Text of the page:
Irish make last-minute push for exclusive E-3 visas which allow Australians to live and work in the US
The legislation has a bland enough name — HR 7164. But if it passes the United States Senate this week, it will usher in a major change to a special category of visa that is currently only available to Australians.
- The US Senate is set to vote on whether Ireland will be added to the E-3 visa
- The visa currently allows up to 10,500 Australian recipients and their spouses to live and work in the US
- If passed, the bill will give Ireland access to the visas Australians don’t use
The bill to “add Ireland to the E-3 non-immigrant visa program” sailed through the House of Representatives last month.
It now just needs to negotiate a final hurdle in the upper chamber.
At least one senator is understood to be preventing its passage, though perhaps because immigration is such a sensitive topic in America, it is hard to find anyone willing to talk on the record about it.
Irish officials are making a final lobbying push, trying to get the legislation over the line.
But if HR 7164 does not pass before the 115th US Congress rises for the final time, the legislation will expire.
The visa will remain exclusively for Australians.
Aussie E-3 the envy of other US allies
The E-3 visa was negotiated alongside the US-Australia free trade agreement.
It was interpreted by some as a reward for Australia’s contribution to the Iraq War.
It allows up to 10,500 recipients and their spouses to live and work in the US. It can be renewed indefinitely and is much easier and less expensive to obtain than other American work visas.
But Australia has only ever used a bit over half its annual quota and some other US allies have long wanted similar preferential treatment.
The visa has been interpreted as a reward for the trade agreement signed by John Howard and George W Bush. (Reuters: Kevin Lamarque)
Ireland’s latest attempt to gain access to the scheme initially took Australian officials by surprise.
Ambassador Joe Hockey was apparently very unhappy when he initially found out.
He and other officials were worried HR 7164 could see Australians competing with Irish citizens for the visas.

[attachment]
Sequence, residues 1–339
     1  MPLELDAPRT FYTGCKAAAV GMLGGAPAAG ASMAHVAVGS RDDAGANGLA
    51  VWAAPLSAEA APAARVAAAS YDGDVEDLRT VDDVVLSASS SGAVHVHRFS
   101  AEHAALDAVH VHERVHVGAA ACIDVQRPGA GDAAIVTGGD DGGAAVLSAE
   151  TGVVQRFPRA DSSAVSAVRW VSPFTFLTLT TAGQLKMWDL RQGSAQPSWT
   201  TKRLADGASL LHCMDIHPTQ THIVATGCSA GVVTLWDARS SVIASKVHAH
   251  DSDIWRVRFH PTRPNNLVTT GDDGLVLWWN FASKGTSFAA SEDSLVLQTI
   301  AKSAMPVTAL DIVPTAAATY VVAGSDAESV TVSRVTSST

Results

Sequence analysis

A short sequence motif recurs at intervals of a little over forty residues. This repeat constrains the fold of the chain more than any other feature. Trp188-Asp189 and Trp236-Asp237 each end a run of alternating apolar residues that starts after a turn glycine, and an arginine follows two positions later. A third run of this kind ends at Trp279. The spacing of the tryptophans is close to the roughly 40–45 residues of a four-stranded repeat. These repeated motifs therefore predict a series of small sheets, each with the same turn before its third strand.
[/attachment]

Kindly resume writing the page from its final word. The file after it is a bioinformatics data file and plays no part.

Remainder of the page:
Lobbying in Congress saw the bill amended and it now guarantees Irish citizens can only apply for visas that Australians do not use — on current numbers, that is about 5,000 a year.
The Trump administration has also made assurances the visa will be tweaked so it is easier to apply for, enough of a concession for Australian officials to now be “comfortable” with the current situation.
Ireland has powerful supporters
The Irish have some powerful figures in their corner as they lobby to the very end to get the bill through.
Outgoing speaker Paul Ryan and Donald Trump’s soon-to-be-acting chief of staff Mick Mulvaney are said to support the legislation.
But in the Senate and surrounding offices, few want to speak publicly about what is holding HR 7164 up.
The ABC has been told repeatedly one senator is seeking to “piggyback” on the bill and push broader immigration reform.
Another is understood to have briefly questioned whether more countries could be allowed access to the E-3 scheme.
Australia vigorously denies any suggestion it is trying to use its influence in Congress to covertly kill the legislation and insists officials are not in active contact with Senate offices about the bill’s progress.
Politics of immigration threatens Irish aspirations
Ultimately, it seems to be the politics surrounding immigration in America that now poses the greatest threat to Ireland’s E-3 hopes.
Six days ago, right-wing website Breitbart claimed the bill would “transfer thousands of white-collar jobs from US graduates to Irish graduates”.
On the other side of the political spectrum, social media users have accused Mr Ryan of hypocrisy for promoting increased Irish visa access given his voting record on immigration reform.
Worryingly for the Irish side, Democratic senator Brian Schatz recently appeared to criticise the legislation.
Australian officials have long hoped the uptake of E-3 visas would increase to somewhere closer to the cap.
Some say the current publicity surrounding the scheme, although initially unwanted, may actually boost awareness of the visa class and perhaps encourage more Australians to seek work in the US in the long-run.